New York tenants

New York City is called the Big Apple, the City of Dreams, and the City That Never Sleeps. It is also home to more than eight million people, with affordable housing a challenge for many of them.

Whether you are searching for an apartment or have signed a lease on a new residence, you should know your rights as a tenant in New York. This article offers an overview of 10 of the key rights had by tenants in New York.

1. Security Deposit

New York state law requires landlords to charge no more than one month’s rent as a security deposit. It also states that the deposit must be returned within 14 days after the lease ends. Landlords must also give tenants advance notice about any deductions from the security deposit. 

2. Utilities

New York landlords are required by law to provide a safe and livable environment for their tenants. Providing water and heat falls under both categories. The law states that landlords must provide hot water every day of the year at the minimum temperature of 120 degrees Fahrenheit. Landlords also must provide heat between October 1 and May 31 (under specific conditions).  

3. Right to Withhold Rent  

New York tenants have the right to a rental property that meets basic structural, health, and safety standards. As a result, tenants have the right to withhold rent payments if a landlord fails to make emergency repairs, such as fixing a broken entry door, heater, or water pipe. (There are restrictions on the amount of time you must notify the landlord of the needed repair and the kinds of repairs that qualify.)

4. Landlord Access to Rental Property

New York state law states that a landlord must give a tenant one week’s notice for repairs and 24 hours’ notice for inspections. However, if there is an emergency, such as a fire or a gas or water leak, the law states that it is in both parties’ interest for the landlord to enter immediately.

5. Termination and Eviction Rules

New York law specifies how and when a landlord may terminate a lease agreement. If a landlord wants to terminate a lease early, they will need to have a just cause, such as non-payment of rent or another violation of the lease or rental agreement. Then the landlord must give the tenant written notice.

If the landlord does not have a cause for ending a lease early, they must wait until the end of the rental period before expecting a tenant to move out. In this case, the landlord does not need to give the tenant notice unless the lease agreement specifies that notice of non-renewal of the lease is required.

6. Fair Housing

Federal and state laws prevent landlords from discriminating against renters based on their race, religion, gender, creed, nationality, disability, physical or mental disability, or sexual orientation.

7. Landlord Retaliation

Some tenants, unfortunately, experience harassment, rent hikes, or threats of eviction after they make complaints about needed repairs or pest infestations. State and local laws protect tenants from these types of landlord retaliation as long as the tenant has acted within their legal rights.

8. Rent Increases

Under New York law, landlords must give tenants 30 days’ notice if they plan to raise the rent by 5% or more. Recent legislation protects tenants in rent-regulated apartments from substantial rent increases.

If there have been improvements to the property, the law caps rent increases to 2% per year, and raising the rent on individual units because of renovations is subject to limits by state and local laws.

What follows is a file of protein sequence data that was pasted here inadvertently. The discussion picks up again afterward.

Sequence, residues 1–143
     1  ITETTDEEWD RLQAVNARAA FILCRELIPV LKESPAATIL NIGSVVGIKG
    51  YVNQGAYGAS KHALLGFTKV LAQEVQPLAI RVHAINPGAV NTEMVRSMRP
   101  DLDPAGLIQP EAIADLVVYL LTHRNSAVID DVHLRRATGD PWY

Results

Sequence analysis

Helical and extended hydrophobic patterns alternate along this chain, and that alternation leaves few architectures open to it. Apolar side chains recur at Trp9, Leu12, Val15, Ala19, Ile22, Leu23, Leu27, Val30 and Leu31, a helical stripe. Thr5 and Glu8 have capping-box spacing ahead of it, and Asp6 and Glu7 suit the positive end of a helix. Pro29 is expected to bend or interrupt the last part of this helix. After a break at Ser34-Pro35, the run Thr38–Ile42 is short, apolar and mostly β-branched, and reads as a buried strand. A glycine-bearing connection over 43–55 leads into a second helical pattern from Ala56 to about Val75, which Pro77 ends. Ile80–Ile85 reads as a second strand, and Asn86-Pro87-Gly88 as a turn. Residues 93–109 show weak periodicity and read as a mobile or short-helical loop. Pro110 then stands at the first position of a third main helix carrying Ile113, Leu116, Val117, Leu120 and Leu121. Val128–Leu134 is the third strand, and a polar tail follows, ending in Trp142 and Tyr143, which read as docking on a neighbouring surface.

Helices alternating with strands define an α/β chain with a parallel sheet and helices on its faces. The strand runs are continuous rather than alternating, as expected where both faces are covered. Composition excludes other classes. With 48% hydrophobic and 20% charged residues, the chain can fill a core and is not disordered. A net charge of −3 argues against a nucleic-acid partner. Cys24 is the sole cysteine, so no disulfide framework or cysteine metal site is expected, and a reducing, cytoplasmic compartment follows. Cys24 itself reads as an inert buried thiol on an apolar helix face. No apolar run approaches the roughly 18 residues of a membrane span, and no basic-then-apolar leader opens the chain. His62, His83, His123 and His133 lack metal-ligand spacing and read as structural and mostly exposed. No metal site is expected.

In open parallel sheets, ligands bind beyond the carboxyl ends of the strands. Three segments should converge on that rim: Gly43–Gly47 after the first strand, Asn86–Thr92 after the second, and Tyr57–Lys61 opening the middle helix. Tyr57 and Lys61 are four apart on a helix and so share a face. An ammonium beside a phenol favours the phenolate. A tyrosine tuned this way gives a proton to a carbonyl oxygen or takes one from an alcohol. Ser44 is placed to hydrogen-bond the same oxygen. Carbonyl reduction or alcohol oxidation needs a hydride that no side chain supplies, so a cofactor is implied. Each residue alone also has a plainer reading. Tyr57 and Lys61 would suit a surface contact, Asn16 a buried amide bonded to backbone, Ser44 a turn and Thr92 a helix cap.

9. Family members and roommates

 New York tenants have a right to live with immediate family members as long as the residence does not become overcrowded. Exceptions may apply to those who receive a rent subsidy or rent exemption. And residents of public housing must follow strict guidelines.

If you live in a privately-owned building and are the only person who signed your lease, you have the right to share your apartment with one other adult not related to you and that person’s dependent children.

You do not have a right to a roommate if you meet the following criteria:

  • you are in public housing (or most subsidized housing)
  • two or more people have signed the lease
  • your lease agreement prohibits you from living with another person

 10. Subletting

Most New York renters have the legal right to sublet their homes. However, there are strict rules to follow. 

First, New York law requires that the sublet terms are temporary and that the tenant on the lease plans to return to the unit. Then, the tenant must request permission from their landlord. This request must be in writing and sent by certified mail with a return receipt. The request must include the following information:

  • start and end date of the sublet
  • reason for the sublet
  • name of the proposed subtenant
  • permanent home address of the subtenant
  • tenant’s address during the sublease
  • written consent of any co-tenant or lease guarantor
  • copy of the proposed sublease signed by both the tenant and the proposed subtenant, along with a copy of the original lease

After receiving the request, the landlord has 10 days to request any additional information. Then, the landlord has 30 days to reply in writing. If the landlord denies the request, they must provide a written explanation. No response within 30 days is considered as consent to the sublease.

We hope you enjoyed this blog about 10 Important Tenant Rights in New York. Check out the following post 5 Tips to Ease the Process of Collecting Your Rent Accurately and On Time for more additional tips!

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